Most calibration results are measured at a fixed saturation level. For SDR this is typically 75%. But a saturation sweep shows how accurately a display's color is reproduced over a range of saturation levels. A post-calibration SDR saturation sweep on the ViewSonic produced satisfactory but uninspiring results—not a rare outcome for this difficult test. A Color Checker test, which measures the Delta E's at dozens of different real-world colors—not just the primaries (RGB) and secondaries (CMY) measured in the standard tests—produced relatively poor results, with an average Delta E of 5.4 and a maximum of 15.5.
SDR Viewing. I viewed standard dynamic range (SDR) from 1080i and 1080p (Full HD) sources and let the projector do the honors in upscaling them to 4K. The projector upconverted cleanly to its 4K resolution, tripping up slightly only by not upconverting quite as flawlessly as an Oppo Ultra HD Blu-ray player. But the differences were visible only on specialized test patterns, never on real program material. Screen uniformity was subjectively good (see the Measurements section at the end of the review), and I didn't spot any posterization or false contouring, though it's always possible that material I didn't watch might trigger it.
In the Movie color mode, the post calibration results didn't exactly produce brightness to die for, nor were the projector's black levels very impressive. After calibration, the peak white level on my Elite screen was a modest 12.93 foot-Lamberts (44 nits), with a black level of 0.038 ft-L, for a full-on/full-off contrast ratio of 340:1 measured off the screen. Looking for a bit more useful brightness from the projector, I increased the post calibration Contrast (peak white) to 25. This moved whites to the edge of clipping, but the extra punch was worth it; at these peak brightness levels every nit is gold. After that tweak, the peak white level was then 14.8 ft-L (just over 50 nits). This was in the longest minimum zoom setting (the smallest picture). Moving the zoom to the widest, maximum setting, while moving the projector in to keep the picture size unchanged, produced a peak white level of 15.5 ft-L or 53 nits. But I used the minimum zoom setup for all my viewing; the projector's location was less intrusive at the longer distance. All of these results reflect the projector's lack of full calibration adjustments, including more extensive white balance controls. Gain controls alone are simply not enough for a projector with serious video ambitions.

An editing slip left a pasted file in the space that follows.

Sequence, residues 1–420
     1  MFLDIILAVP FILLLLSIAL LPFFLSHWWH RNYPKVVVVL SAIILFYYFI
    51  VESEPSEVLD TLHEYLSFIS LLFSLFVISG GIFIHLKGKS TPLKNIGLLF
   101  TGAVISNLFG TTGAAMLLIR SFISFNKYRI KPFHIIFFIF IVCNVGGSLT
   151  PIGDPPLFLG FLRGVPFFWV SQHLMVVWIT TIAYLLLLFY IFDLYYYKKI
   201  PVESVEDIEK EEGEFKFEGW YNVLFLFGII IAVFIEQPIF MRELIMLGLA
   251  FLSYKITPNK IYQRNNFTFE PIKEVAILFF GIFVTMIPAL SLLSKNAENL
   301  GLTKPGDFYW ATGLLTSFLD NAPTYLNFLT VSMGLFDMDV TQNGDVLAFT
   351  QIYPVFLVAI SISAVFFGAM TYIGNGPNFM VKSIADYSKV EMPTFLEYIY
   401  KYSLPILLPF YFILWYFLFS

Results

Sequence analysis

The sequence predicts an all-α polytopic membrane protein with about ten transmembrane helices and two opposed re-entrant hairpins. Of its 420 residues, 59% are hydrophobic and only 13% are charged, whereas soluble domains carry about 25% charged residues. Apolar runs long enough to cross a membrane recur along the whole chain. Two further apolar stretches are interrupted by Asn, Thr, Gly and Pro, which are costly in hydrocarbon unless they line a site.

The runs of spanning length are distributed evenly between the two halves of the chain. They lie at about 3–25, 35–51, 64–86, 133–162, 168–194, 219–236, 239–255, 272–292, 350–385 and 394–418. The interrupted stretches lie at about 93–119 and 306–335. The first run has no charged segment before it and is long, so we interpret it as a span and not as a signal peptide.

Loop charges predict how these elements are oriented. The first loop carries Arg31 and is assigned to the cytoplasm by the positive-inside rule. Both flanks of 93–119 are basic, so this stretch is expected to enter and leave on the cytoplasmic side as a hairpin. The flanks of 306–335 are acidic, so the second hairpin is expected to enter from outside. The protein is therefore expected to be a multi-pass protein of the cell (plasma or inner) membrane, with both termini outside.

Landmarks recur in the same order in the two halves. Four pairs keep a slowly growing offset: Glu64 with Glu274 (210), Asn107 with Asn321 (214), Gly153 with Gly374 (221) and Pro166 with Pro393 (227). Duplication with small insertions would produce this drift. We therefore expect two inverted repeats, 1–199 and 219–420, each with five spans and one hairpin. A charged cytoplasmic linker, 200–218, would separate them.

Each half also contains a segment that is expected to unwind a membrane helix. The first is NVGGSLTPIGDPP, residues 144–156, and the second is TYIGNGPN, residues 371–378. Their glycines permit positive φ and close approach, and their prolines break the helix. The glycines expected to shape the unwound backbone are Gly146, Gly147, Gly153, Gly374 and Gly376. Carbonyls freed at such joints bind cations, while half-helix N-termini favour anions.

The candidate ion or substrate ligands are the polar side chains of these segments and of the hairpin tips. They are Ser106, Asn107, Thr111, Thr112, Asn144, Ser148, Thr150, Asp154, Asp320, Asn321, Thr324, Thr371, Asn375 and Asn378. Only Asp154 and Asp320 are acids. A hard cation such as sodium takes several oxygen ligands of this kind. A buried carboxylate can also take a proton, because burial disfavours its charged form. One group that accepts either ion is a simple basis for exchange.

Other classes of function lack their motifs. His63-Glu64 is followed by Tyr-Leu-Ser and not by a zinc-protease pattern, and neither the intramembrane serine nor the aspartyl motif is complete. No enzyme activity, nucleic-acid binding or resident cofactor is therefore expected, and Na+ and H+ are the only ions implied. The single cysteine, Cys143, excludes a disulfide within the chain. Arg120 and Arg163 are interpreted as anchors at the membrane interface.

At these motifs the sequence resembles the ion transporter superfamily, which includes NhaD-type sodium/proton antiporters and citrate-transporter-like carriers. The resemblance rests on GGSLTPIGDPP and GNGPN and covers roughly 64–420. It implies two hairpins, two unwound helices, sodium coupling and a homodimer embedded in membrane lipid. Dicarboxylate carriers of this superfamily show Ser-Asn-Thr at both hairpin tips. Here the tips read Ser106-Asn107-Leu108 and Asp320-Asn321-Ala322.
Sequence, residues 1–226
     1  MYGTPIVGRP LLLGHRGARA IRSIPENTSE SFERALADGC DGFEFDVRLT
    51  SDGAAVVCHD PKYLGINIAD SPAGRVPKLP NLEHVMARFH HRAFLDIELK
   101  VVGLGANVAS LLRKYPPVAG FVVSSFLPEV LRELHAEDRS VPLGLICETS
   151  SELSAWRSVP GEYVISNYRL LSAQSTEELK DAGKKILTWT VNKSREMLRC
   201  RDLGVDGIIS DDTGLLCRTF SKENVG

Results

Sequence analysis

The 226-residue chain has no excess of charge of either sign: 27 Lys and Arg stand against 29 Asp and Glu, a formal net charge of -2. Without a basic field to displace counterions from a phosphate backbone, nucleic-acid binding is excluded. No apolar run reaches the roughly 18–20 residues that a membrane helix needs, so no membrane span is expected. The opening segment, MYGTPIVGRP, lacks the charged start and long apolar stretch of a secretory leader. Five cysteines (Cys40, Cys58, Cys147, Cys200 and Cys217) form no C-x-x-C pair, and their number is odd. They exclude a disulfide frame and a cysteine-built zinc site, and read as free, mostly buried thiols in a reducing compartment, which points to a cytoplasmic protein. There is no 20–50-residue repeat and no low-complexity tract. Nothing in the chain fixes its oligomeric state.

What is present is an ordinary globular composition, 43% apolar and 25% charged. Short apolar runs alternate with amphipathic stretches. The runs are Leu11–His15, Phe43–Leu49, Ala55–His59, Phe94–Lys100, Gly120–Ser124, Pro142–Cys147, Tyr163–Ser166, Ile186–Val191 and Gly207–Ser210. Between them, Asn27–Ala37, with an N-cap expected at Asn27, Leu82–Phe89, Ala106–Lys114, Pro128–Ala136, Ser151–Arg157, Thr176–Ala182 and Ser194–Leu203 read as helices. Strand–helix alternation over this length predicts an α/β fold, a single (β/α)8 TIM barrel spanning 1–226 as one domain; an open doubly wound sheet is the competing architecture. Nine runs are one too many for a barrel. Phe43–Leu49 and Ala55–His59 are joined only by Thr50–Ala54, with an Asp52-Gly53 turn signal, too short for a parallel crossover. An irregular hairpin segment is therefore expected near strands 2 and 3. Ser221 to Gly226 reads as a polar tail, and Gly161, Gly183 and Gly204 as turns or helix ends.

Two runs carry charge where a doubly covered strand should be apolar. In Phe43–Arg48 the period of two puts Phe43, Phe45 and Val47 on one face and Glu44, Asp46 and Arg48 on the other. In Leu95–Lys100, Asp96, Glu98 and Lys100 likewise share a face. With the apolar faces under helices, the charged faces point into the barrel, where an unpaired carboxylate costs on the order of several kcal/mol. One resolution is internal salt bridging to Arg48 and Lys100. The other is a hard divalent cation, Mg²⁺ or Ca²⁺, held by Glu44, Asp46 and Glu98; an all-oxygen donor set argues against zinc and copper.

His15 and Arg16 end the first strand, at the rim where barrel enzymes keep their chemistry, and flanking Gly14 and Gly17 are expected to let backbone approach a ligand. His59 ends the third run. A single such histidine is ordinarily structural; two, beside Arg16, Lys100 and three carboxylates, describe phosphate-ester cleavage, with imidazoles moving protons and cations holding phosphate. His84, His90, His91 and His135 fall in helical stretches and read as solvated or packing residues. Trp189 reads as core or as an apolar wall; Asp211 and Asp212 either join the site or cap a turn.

Nevertheless, the ViewSonic's images, on a wide range of SDR material, defied the numbers. My main negative observation, post calibration, was that light flesh tones often looked a little sunburned. But reducing the Red Gain white balance control by about 5 percent from its calibrated setting achieved more than acceptable results on most source material.
All of my sources were from Blu-ray disc. Kate & Leopold is an underrated 2001 romantic comedy framed by a clever time-travel McGuffin, though the story overall is more fish-out-of-water than sci-fi. When I first loaded it into my Oppo player my reaction was, "yikes, that looks way too sepia-toned." Then I recalled that its opening scenes are flashbacks to the 1870s and the rosy tint is intentional. The colors were more neutral when the action moved to the present day. As the color checker test indicated, they likely weren't 100% accurate. But without the colorist who produced the excellent transfer on hand, or the director, no one would likely see them as wrong. Flesh tones, while not consistently spot-on, were believable. It was also no surprise that detail resolution was superb, with skin and clothing textures showing every pore and thread in a way at which DLP consistently excels.
Life of Pi is another great Blu-ray that was generally impressive on the ViewSonic. The colors looked right, from the opening scenes in India to the vast blue expanse of the empty but always threatening ocean. Flesh tones on the main Indian characters were inherently slightly darker than the Caucasian pinks on Kate & Leopold's protagonists, so they never appeared off to my eyes. Dark scenes also looked a bit better than expected given the LS700-4K's poor measured black levels, likely helped by the fact that the blacks were often masked by the eye being drawn to brighter highlights in the same shot. In a scene in which Pi hallucinates as he gazes into the dark ocean, your eyes are distracted from the blacks of the ocean depths by brightly lit sea creatures in the foreground.